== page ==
That’s the thing about cheese, or at least one of the things, for there are many. When you name your favorite cheese, you’ll soon find there’s no such thing,  instead you began to compile a list. So let the compilation continue.

Four simple words, “extra sharp cheddar cheese,”…could you possibly say it any better than that? Well, please allow me to answer that question. Can you say Parmesan? I don’t mean the stuff you grew up with shaking from the green can.  I am speaking of the crème de la crème, none other than Parmesan Reggiano! There, are you satisfied because I pretty much said it all… Well, then again maybe not.

Can you even began to utter the word cheese without adding that all-important prefix?  “Macaroni and.”

When I speak of macaroni and cheese I’m not talking about the stuff in the $.25 box with elbow macaroni and a packet containing a suspect orange powder.  I’m speaking of a cream based white sauce infused with fontina, asiago, cheddar and Parmesan cheeses. The sauce is mixed with the perfectly cooked pasta, slightly underdone to allow for the extra time in the oven to bring the dish together; topped with a thin layer of homemade bread crumbs and then baked until bubbly with a light crunchy top layer.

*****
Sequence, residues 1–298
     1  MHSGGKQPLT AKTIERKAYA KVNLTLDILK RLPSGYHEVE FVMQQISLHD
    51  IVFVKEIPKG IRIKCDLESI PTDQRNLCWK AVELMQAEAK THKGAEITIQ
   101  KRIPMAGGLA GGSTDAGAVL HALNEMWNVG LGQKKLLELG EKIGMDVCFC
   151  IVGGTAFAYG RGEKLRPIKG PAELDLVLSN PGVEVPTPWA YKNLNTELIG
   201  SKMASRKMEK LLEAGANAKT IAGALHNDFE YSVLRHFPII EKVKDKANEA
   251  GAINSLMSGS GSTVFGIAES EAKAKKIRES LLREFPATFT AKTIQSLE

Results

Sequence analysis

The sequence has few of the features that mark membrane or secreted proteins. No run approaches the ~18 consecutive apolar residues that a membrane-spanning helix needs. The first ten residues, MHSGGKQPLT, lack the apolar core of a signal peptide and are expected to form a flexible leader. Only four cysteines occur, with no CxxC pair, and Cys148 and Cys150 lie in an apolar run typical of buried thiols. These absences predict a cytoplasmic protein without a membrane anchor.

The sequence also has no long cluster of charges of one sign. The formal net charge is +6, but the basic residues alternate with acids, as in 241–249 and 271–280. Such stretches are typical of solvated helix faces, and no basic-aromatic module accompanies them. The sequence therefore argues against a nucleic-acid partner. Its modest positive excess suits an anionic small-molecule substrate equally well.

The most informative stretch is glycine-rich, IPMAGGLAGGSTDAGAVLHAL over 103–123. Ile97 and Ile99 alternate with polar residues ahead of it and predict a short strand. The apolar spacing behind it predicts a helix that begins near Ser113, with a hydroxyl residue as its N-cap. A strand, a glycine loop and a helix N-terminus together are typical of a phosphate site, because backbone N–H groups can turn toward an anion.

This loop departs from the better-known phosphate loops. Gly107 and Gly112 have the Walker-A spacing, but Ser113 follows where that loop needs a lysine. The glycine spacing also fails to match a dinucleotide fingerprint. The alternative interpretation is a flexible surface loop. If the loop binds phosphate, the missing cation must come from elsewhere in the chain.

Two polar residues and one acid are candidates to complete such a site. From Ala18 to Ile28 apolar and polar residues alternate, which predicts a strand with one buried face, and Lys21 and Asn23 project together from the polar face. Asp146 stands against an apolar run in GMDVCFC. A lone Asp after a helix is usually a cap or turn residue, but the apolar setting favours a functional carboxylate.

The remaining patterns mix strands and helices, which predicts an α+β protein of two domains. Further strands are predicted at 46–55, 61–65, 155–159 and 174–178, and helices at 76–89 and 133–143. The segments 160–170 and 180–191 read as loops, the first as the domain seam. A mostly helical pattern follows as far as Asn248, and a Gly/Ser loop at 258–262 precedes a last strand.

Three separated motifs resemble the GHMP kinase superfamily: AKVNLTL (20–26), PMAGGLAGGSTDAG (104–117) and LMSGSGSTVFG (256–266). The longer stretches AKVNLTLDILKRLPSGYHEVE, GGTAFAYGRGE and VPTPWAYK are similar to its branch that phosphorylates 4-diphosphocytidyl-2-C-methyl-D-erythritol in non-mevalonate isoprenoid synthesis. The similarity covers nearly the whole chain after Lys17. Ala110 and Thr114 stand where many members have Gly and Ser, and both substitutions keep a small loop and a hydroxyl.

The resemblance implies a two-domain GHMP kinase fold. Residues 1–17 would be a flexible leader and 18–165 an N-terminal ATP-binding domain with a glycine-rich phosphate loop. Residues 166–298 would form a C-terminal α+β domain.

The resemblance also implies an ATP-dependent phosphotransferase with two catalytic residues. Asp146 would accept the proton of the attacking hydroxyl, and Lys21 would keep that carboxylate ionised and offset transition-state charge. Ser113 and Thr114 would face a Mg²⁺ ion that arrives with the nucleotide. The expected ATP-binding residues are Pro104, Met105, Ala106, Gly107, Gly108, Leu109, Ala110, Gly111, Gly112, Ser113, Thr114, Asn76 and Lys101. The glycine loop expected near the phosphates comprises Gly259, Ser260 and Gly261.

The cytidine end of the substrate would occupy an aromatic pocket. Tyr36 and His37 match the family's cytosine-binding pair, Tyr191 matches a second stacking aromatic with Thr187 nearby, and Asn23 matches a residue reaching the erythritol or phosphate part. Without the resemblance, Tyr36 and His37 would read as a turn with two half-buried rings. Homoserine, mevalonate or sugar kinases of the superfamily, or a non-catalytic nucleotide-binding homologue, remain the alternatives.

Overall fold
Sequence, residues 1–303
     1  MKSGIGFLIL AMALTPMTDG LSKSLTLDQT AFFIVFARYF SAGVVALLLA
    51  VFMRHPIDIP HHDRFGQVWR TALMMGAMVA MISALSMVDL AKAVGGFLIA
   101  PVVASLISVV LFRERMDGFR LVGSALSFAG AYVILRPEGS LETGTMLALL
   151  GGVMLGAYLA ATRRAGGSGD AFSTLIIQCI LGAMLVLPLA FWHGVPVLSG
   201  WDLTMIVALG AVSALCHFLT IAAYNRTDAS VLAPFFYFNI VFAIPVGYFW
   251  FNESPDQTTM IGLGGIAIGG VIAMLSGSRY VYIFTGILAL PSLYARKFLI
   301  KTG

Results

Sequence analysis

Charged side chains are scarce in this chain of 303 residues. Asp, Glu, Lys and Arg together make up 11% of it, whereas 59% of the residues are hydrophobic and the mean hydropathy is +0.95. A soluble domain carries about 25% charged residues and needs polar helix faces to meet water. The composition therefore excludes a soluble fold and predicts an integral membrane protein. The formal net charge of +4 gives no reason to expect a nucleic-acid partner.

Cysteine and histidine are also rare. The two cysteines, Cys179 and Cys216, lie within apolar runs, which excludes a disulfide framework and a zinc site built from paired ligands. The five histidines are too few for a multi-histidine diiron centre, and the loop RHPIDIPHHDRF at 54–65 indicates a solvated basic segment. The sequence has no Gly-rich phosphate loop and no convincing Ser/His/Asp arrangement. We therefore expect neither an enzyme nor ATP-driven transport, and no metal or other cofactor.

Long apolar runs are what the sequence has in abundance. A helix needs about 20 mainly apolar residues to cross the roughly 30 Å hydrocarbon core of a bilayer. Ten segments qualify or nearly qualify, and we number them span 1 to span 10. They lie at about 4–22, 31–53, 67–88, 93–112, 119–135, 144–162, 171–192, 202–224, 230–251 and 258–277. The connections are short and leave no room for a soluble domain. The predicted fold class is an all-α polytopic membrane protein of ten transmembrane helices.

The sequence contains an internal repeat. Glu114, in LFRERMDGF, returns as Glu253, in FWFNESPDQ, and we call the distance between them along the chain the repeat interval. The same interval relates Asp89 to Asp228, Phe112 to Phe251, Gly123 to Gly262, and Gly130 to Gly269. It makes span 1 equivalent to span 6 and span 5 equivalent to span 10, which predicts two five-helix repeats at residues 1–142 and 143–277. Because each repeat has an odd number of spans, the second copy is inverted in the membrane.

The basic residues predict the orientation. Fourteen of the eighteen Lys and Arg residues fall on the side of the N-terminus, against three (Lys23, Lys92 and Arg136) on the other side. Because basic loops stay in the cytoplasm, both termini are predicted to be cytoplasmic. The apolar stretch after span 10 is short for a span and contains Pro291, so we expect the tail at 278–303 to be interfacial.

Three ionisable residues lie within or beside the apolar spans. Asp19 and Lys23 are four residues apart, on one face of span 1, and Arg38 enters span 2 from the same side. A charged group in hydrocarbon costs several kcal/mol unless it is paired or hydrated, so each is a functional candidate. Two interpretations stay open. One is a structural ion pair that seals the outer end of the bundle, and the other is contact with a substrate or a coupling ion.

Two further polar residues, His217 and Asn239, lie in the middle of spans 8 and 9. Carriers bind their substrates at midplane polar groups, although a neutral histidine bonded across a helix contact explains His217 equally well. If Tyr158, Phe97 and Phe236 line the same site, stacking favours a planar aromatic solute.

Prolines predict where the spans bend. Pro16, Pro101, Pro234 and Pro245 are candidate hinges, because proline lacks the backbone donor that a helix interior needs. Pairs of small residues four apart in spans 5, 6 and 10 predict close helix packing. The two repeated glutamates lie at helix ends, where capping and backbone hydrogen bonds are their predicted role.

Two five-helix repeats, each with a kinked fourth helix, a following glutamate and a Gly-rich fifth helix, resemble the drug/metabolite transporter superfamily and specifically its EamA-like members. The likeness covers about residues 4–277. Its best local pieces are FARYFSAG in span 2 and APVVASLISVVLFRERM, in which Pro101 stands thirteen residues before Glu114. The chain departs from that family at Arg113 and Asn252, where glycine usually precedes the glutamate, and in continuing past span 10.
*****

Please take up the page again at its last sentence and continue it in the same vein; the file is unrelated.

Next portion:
How about a burger with Swiss Cheese and mushrooms or freshly grated Pecorino Romano on those meatballs swimming in marinara? A pizza covered with gooey mozzarella that refuses to disconnect even when a slice is removed from the mother pie. Instead, this cheesy lifeline stretches valiantly in a vain attempt to remain with its siblings. Or that smoky taste of provolone on your favorite sub or the delightful flavor of a melted piece of Havarti toasting in the Panini press?

I suppose I must extend an honorable mention to those individually wrapped slices of processed food we all know as “American cheese.” Even though it cannot be legally sold in the US as cheese but rather “processed cheese” it is still very popular.

I could go on and on and after that go on and on and on, but alas there are too many cheeses to name within the average person’s life span; however, I would be remiss if I did not venture into the dark side of the cheese world.  Yes, I’m talking about the cheese that some love to love, but most love to hate. A cheese that when fully ripe oozes from within its protective rind as a viscous blob of pus ready to consume any and all it happens to touch.  I suppose I could pen a novel entitled, “Knights of the Round Cheese Wheel,” where good King Cheddar and his cohorts, Sir Provolone, Sir Swiss-A-Lot, Sir Roman-O-Had, Sir Pecivere and a host of brave cheese warriors defeat the rhinasious pus dragon.

Alas, I must be true to myself and especially my loyal readers, the heinous glob I speak of is none other than, “Limburger cheese.”

If you’ve never had the good fortune of inhaling this odiferous concoction, it’s not hard to get an idea of the odor the real cheese exudes.  Each day the young blocks of Lindbergh are wiped down with a solution containing the same bacteria that causes our body odor.

If the beginning of this post stimulated your appetite, the ending sure washed it down the gutter.

With that I bid you a fond ado until next week……